On the last day of Mini-Course Week, Friday, March 25, Academy students spent their morning in “Rachel’s Challenge” presentation and activities, signifying the importance of solving bully problems that may arise on campus. The following opinion is relevant to this recent Academy activity.
WASHINGTON — In waves throughout the school year, counselor Julia V. Taylor has found herself consoling students who have been taunted — often anonymously — on the social networking site Formspring.me.
“We say this happens outside of school,” said Taylor, of Apex High School in Raleigh, N.C. “If they’re in my office and they’re upset about it, it’s affecting school.”
The site’s creators took the popularity of online quizzes and created an entire social network devoted to asking questions, with the premise of getting to know one’s friends better, Formspring spokeswoman Sarahjane Sacchetti said. Created in November 2009, the site has attracted 23 million users, about a third of them ages 13 to 17, who generate about 10 million posts a day.
But like other social networking spaces, some teenagers have taken advantage of Formspring’s anonymous features to insult and harass people in ways they might not in person. As a result, Formspring has become the newest battleground for school administrators and guidance counselors like Taylor who already feel they are losing the war against cyberbullying — and who are under greater pressure to address situations that begin off campus but end up affecting students at school.
“It’s the online version of truth or dare — without the dare,” Taylor said.
An individual’s Formspring page is simply a string of answers to questions, which may come from a friend or from someone they’ve never met. What makes the site different from some other social networks is that users can post questions without revealing their identities.
An individual profile reads like an interview. The user can choose which questions to respond to, and those questions are private until they are answered. Users can also choose whether to accept questions from people who hide their names.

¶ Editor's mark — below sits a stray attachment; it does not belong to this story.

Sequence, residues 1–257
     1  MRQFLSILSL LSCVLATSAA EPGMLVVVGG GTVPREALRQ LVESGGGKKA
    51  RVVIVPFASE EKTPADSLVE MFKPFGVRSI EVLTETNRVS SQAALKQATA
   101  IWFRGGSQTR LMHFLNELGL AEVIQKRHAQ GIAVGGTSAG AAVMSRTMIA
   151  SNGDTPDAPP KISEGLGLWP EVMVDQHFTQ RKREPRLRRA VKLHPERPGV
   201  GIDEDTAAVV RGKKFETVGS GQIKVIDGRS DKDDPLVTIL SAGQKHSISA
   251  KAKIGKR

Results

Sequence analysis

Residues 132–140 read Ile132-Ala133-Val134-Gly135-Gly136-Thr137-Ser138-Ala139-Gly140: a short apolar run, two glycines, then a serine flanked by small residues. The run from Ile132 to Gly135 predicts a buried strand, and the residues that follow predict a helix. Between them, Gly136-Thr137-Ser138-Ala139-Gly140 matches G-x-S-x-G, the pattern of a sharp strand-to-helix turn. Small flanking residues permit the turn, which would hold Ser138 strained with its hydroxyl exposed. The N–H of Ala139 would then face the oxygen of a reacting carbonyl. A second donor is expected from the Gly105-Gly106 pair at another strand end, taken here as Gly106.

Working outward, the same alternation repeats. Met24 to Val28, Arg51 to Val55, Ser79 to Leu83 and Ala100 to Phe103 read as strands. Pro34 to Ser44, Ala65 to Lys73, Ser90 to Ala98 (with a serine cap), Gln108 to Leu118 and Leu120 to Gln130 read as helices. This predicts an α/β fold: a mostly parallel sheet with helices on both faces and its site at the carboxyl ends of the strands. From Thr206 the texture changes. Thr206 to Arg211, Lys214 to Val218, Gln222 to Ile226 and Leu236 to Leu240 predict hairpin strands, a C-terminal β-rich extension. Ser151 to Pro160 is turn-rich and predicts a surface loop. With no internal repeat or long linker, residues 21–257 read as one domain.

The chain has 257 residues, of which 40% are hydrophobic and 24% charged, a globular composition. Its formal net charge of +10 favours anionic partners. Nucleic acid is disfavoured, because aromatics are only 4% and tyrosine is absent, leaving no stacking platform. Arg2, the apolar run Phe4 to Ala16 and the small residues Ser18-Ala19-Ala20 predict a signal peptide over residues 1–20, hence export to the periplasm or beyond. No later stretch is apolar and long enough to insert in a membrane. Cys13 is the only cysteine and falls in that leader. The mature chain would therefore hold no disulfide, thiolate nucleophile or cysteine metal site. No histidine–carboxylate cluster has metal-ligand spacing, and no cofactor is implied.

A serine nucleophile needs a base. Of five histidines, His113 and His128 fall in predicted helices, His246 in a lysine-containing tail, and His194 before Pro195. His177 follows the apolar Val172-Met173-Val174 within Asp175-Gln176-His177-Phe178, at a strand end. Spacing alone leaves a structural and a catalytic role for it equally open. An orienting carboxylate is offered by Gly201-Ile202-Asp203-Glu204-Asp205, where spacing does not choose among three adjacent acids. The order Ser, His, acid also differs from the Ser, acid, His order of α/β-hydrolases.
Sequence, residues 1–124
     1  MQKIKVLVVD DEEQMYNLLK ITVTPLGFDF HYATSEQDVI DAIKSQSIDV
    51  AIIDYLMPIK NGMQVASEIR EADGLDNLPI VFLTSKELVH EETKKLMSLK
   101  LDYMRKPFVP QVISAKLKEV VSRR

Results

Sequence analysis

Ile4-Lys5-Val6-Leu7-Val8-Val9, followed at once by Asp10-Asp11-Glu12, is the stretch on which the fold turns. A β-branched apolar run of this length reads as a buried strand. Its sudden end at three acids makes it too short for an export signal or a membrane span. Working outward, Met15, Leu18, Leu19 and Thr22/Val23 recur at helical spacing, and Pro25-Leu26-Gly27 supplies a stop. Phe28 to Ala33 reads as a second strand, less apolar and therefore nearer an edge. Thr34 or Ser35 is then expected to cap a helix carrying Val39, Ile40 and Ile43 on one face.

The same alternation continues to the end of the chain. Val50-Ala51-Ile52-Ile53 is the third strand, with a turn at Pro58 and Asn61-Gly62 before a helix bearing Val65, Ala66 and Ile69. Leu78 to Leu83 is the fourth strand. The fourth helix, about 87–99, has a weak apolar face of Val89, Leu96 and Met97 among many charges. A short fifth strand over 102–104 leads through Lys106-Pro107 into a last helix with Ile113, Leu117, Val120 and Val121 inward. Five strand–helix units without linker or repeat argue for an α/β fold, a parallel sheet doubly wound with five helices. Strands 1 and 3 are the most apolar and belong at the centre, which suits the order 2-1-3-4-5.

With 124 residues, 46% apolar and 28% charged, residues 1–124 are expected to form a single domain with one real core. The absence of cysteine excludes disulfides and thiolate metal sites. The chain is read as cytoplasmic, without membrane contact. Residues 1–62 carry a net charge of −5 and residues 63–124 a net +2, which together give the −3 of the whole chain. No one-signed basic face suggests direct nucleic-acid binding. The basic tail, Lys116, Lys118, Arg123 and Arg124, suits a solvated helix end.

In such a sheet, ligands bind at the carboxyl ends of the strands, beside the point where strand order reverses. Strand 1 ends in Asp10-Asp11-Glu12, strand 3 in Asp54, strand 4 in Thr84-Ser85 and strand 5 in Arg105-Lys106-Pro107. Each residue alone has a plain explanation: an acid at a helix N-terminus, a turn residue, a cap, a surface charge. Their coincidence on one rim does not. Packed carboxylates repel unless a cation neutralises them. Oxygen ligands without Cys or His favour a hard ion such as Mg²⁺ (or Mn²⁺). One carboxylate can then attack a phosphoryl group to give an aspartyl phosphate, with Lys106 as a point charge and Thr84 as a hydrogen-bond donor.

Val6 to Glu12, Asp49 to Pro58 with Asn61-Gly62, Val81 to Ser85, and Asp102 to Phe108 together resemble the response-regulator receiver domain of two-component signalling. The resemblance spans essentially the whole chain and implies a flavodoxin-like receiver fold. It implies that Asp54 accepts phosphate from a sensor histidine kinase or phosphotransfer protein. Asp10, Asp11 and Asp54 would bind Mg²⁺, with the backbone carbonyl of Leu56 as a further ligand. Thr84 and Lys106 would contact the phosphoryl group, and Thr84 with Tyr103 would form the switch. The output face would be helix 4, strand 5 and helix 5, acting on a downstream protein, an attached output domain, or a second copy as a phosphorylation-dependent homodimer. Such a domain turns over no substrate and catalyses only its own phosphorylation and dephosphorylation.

“Some of the teens were misusing the hide-my-name functionality, thinking they could say anything to each other,” Sacchetti said. Some have been labeled gay by their tormentors. Others have been called ugly, fat, stupid or worse. They have been told not to show up at school, to die, or to kill themselves. The mother of a Canadian teenager said taunts on Formspring, including at least one that suggested the girl kill herself, contributed to her 15-year-old daughter’s suicide in January.
Even if students have been burned, they often don’t have the willpower to disconnect from the website that was the source of the insults.
“It’s the reality TV fad: You want to be where the action is,” said Justin W. Patchin, an associate professor at the University of Wisconsin, Eau Claire, whose research focuses on how adolescents use and misuse technology and one of the co-founders of the Cyberbullying Research Center. “I’ve heard other students tell me they feel it’s safer to be on these sites with their bullies. They can see what they’re saying about them and maybe win them over. From the logic of a teenager, it makes sense.”
Or, as Taylor put it, “It’s a drug. It’s like online crack.”
But Sacchetti said that, in practice, most of the questions asked on Formspring, about 75 percent, are done with users’ names attached. And if users get questions they don’t like, the questions are private and can be deleted, and the user can also block a person from asking any more questions.
While counselors, including Taylor, criticize the anonymous options on Formspring, Sacchetti said the ability to cloak one’s identity can prove useful in some situations. For example, students can ask colleges questions about the admissions process that they might be otherwise too timid to ask.
The challenge for educators is that Formspring’s growing popularity comes as federal officials ratchet up pressure on school officials to address bullying of all kinds among students. Late last year, the U.S. Department of Education sent school districts letters that said the districts could be violating students’ civil rights if they don’t address bullying they know about, or reasonably should have known about.